Corruption in procurement is a serious issue in Pakistan. The formation of PPRA (Public Procurement Regulatory Authority) is the first sincere effort to take some control of the situation. The rules designed by PPRA provide a broad regulatory framework for transparent public sector procurements and are applicable to all public sector departments of central government. A strict compliance of these Rules can lead to a transparent and accountable process of procurements in public sector. The following are some of the areas where departments do not adhere to the PPRA rules & regulations:
(A)Rudimentary checks to follow the rules and regulations
Despite these efforts, challenges in combating corruption in public sector procurements still lie ahead of PPRA in many departments of government. Most of these challenges concern the loopholes in the regulation of procurement frameworks. A number of departments have only rudimentary checks to follow the rules and regulations set by PPRA.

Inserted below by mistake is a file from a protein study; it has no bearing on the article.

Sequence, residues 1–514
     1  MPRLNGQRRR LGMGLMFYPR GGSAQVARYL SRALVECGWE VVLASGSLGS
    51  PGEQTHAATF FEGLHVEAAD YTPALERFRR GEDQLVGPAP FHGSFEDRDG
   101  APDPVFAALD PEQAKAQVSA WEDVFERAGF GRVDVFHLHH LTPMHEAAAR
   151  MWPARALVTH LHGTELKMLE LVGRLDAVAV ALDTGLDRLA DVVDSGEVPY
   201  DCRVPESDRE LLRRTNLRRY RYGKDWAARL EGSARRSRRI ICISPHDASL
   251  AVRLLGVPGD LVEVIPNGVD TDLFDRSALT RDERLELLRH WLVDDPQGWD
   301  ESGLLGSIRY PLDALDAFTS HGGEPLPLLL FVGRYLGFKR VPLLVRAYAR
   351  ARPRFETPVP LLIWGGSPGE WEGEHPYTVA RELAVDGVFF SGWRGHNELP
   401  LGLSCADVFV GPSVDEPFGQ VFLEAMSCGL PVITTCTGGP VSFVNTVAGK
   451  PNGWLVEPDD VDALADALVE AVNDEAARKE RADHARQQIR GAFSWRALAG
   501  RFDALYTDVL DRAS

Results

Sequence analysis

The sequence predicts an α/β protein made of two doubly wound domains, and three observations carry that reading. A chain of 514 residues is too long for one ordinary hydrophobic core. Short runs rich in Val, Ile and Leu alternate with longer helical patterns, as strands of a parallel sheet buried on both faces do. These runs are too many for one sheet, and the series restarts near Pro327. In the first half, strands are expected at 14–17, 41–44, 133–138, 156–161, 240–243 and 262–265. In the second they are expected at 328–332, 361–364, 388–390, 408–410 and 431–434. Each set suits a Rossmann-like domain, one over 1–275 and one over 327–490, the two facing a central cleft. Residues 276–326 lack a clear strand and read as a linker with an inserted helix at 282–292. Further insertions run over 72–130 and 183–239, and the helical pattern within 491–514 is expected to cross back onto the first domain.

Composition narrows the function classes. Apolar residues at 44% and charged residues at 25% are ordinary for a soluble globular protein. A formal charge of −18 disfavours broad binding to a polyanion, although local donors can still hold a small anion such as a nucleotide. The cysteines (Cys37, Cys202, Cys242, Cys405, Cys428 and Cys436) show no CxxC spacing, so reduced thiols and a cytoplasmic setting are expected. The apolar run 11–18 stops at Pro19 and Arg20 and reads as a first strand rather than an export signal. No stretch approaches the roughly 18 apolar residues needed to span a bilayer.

(B)Procurement procedures are often dispersed
In many departments, procurement policies and procedures remain too often dispersed in several areas, executive orders, or not abiding by the guidelines and great discretion is left to the lower staff of the administration. Conflicts with PPRA regulations and between numerous executive orders sometimes render these frameworks vulnerable to ambiguity.
(C)Departments exempt certain procuring entities from the application of procurement rules
All departments have orders to follow procurement regulations set by PPRA but they do not apply these to certain procurement orders, reasons well-known to everyone. Some departments exempt certain procuring entities or certain goods and services from the application of procurement rules. These exempt areas may constitute very large proportions of public purchases. However, substitute rules that override the defined principals of procurement framework in these exempt areas seldom exist.
(D)Planning or implementation is not regulated
Often, planning or implementation is not regulated at all according to Public Procurement Rules, 2004, these procurement phases also often escape the scrutiny of auditors and the general public. Hence, the fight against corruption in procurement is still in rudimentary stage and the only hope to combat corruption is the strict application of the Public Procurement Regulatory Authority Ordinance 2002, Public Procurement Rules, 2004, Procurement regulations of PPRA.